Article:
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Pay Comparability (NALC & Professor James L. Medoff, Harvard University)

USPS Chief Financial Officer  Michael Riley addresses Postal Wages-

Statement submitted to Postal Commission by Michael L. Wachter

APWU Responds to Papers by Michael Wachter and Michael LeRoy (pdf)

The Relative Size of Labor Costs AT UPS, FEDEX & USPS -Workplace Economics

U.S. Postal Service productivity and the postal business (NALC)

Testimony of consultant from Watson Wyatt Worldwide-the firm providing report on compensation and incentive system design 

Postal commission considers new agency pay system






(February 12, 2003)

Dr. Joel Popkin


Joel Popkin and Company

1155 15th Street, N.W., Suite 614

Washington, D.C. 20005

(202) 872-0990


Labor Costs as a Percentage of Total Costs Postal Workers’ Pay Comparability
Postal Pay Has Tracked CPI and Lagged ECI  

The purpose of this submission is to address the numerous claims that have been made that the pay of postal workers is too high and that labor costs are about 80 percent of total USPS costs. I am an economist who has analyzed postal pay and other issues for almost 25 years. On occasion I have been invited to testify before Congress, and have otherwise made my views known through Op-Ed articles.

I am president of Joel Popkin and Company, an economic consulting company established in 1978. Before that, I was director of the Washington Office of the National Bureau of Economic Research headed by Martin Feldstein, and served at the President’s Council of Economic Advisers (CEA) when Herbert Stein was its chairman. At the CEA I focused in particular on the wage and price controls of 1971-74. That responsibility resulted from experience gained in my prior post as BLS Assistant Commissioner for Prices and Living Conditions in which I was the senior civil servant charged with the compilation and publication as the Consumer (CPI) and Producer (PPI) Price Indexes. I hold a BS in Economics from the Wharton School of Finance of the University of Pennsylvania, and a Ph.D. in economics from the same university.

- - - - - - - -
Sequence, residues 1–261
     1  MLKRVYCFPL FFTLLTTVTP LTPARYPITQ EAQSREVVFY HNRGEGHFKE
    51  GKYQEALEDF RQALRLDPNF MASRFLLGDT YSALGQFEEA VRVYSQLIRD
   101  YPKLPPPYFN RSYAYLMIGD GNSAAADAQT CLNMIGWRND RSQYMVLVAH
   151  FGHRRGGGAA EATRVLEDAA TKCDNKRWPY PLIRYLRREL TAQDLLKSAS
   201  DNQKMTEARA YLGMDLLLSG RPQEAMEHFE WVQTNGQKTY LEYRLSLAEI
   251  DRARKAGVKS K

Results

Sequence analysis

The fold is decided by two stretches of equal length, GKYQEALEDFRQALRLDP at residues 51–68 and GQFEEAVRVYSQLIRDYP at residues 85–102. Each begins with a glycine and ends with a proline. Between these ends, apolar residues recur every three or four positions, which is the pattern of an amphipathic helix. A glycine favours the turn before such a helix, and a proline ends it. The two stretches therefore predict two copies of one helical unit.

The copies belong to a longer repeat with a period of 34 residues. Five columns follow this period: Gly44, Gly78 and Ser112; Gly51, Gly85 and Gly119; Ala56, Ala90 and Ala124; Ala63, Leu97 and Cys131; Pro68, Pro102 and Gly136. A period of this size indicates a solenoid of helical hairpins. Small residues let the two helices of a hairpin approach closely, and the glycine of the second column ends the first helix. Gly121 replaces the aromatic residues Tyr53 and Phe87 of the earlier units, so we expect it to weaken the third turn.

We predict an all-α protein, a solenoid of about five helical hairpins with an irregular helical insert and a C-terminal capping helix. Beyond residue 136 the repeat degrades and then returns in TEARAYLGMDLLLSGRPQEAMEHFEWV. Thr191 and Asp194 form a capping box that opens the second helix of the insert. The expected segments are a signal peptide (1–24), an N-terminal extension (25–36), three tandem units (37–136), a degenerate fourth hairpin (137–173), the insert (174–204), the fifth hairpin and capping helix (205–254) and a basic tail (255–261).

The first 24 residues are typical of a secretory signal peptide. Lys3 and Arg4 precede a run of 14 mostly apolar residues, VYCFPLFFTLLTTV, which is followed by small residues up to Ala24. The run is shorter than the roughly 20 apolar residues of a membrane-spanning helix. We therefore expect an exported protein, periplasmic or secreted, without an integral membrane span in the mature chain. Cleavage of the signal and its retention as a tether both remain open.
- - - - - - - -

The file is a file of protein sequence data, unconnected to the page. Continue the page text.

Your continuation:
Labor Costs as a Percentage of Total Costs

My comments address three issues. The first is the widespread popular characterization –spin, if you wish-- of labor costs as representing 80 percent of the total costs of USPS. That is blatantly incorrect. Publicly available USPS records (summarized since 1984 in Chart A) show that wages and benefits allocated to workers covered by collective bargaining represent 56.8 percent of total costs. Costs associated with workers covered under APWU bargaining agreements, largely mail processing and retail station clerks, accounted for only 26.0 percent of USPS costs in the 2002 fiscal year. In addition, the data in Chart A show that over the past couple of decades the labor share of postal costs has declined, the share of the APWU most dramatically. I would hope your report will reflect the correct data on the labor cost share of USPS costs and recognize that today’s share reflects a substantial decline from 1984.

Chart A

Compensation of All Bargaining Employees and APWU Bargaining Employees as a Share of Total USPS Expenses